In fact it would seem, as appears from the opinions of the Supreme Court, that a conceived convenience has been the real force leading the court to its position upon this point. And even as to this it may be doubted whether general commercial convenience is greatly advanced by a result which makes the law of a particular case depend in many instances upon the particular court – state or federal — in which it happens to be brought. 41 with reference to those questions of commercial law upon which there is in the State whose law is involved, no defining statute, or well-established local usage. Thus whatever may have been the doctrine adopted by the federal courts as deducible from the principles of general commercial law, it could not apply in a State in which a statute or well-established usage prescribes a different one. In other words, the doctrine of Swift v. Tyson goes no farther than to permit the federal courts to disregard those decisions of state courts which have themselves been founded, not upon statute or usage, but upon the abstract principles of general commercial law.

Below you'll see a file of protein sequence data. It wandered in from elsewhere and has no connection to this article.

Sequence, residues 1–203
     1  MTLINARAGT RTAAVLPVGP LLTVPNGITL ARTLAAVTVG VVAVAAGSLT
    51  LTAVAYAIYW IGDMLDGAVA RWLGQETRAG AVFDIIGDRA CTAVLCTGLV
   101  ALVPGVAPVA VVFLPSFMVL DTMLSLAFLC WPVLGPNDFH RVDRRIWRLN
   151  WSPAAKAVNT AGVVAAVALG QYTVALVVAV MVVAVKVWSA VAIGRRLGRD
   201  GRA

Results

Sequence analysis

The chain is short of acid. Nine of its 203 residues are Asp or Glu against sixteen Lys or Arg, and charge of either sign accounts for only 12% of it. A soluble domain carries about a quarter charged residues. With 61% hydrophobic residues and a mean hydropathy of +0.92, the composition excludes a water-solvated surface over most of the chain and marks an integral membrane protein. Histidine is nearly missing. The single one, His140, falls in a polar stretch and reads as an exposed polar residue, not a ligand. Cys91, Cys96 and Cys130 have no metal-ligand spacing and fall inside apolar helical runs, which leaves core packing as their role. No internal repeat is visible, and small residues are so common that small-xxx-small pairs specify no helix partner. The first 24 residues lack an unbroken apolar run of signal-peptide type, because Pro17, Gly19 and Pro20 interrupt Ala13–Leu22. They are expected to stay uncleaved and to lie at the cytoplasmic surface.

Finally, it is to be observed that the doctrine of Swift v. Tyson, however correct in principle, by no means furnishes a means whereby a uniform code of commercial law for the entire United States may be developed. In the first place, as already pointed out, such decisions as are declared under it are controlling only in the federal courts. The state courts still remaining free to adopt them or reject them as they see fit. In the second place the doctrine is applicable in the federal courts themselves only though concurrent, jurisdiction, and are required to ascertain and declare the law according to their own judgment. This is illustrated by the case of New York C. R. Co. v. Lockwood (17 Wall. 357; 21 L. ed. 627), where the common law prevailing in the State of New York in reference to the liability of common carriers for negligence received a different interpretation from that placed upon it by the judicial tribunals of the State; but the law as applied is none the less the law of that State.”